Jazz Bakery’s “Moveable Feast” Presents: Lionel Loueke Trio@Musician’s Institute 12.12.15

This concert was advertised stating that “this trio opens a powerful new Loueke chapter,” and it was truth in advertising on this crisp Advent night as guitarist Lionel Loueke performed material from his latest album Gaia with a new sound and attitude.

While the album reunited Loueke’s original trio with Massimo Biolcati/ and Ferenc Nemeth/dr, this evening had the latter being replaced by the capable relief work of Kendrick Scott, who, with only a fortnight of prep, played like he shared the dna of the original band.

As for the music itself, Loueke has advanced from taking sounds and rhythms from his native country Benin and adding them as spices to jazz material. While still bringing in mysterious and exotic sounds from the Sahel desert, and singing with a percussive click as on the open and spacious “Forgiveness,” Loueke has added textures and attitude that seem rooted in Jimi Hendrix and 70s rock. Hints of “Voodoo  Child” are wah-wahed while Loueke hammered his thumb on the strings for a riveting “Procession” and “Wacko Locko,” and with Scott’s assertive yet free drum work he might as well have worn pedal pushers as he changed sounds with various knobs with his feet as on the spacey rocker “Broken”.  Biolcati’s funky bass mixed with the guitarist’s dark tones on the intricate fusion fest of “Gaia” while his lilting intro to “Veuve Malinee” created the mood of rippling waters of the Niger River as the leader sang along in traditional voice to form a sonic landscape.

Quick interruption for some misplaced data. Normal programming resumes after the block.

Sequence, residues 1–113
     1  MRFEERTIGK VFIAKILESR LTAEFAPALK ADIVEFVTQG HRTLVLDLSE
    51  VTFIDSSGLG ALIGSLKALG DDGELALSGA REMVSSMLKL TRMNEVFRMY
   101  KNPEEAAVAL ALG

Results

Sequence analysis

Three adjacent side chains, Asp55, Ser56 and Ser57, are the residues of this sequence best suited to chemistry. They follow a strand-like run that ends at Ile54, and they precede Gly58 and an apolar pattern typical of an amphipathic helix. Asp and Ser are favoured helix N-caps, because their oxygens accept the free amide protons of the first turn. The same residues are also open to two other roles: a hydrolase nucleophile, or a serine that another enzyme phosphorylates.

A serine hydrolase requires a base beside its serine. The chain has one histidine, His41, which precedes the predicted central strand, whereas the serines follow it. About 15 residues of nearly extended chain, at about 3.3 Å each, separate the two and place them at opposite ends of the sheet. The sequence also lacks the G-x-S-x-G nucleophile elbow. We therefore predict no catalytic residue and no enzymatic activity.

Loueke brought the two styles together  most successfully as he used his guitar for part talking drum, part flute  and part kalimba as Biolcati and Scott dug deep into Afro Funk on “Freedom Dance” before the trio closed the set with a Memphis Soul stew of “Aziza.”

Loueke demonstrated tonight that he is in the unique position to authoritatively look back to the roots of jazz from its native land and synthesize it with the modern sounds of today. The attentive crowd at the Musician’s Institute appreciated the journey.

It’s concerts like these that give you hope for the future of jazz in LA. Do yourself a favor and donate to the building of Jazz Bakery’s permanent home.

Upcoming shows sponsored by the Jazz Bakery include  Jeremy Pelt Jan 10, solo Kurt Rosenwinkel Jan 16 and FORQ Jan 25


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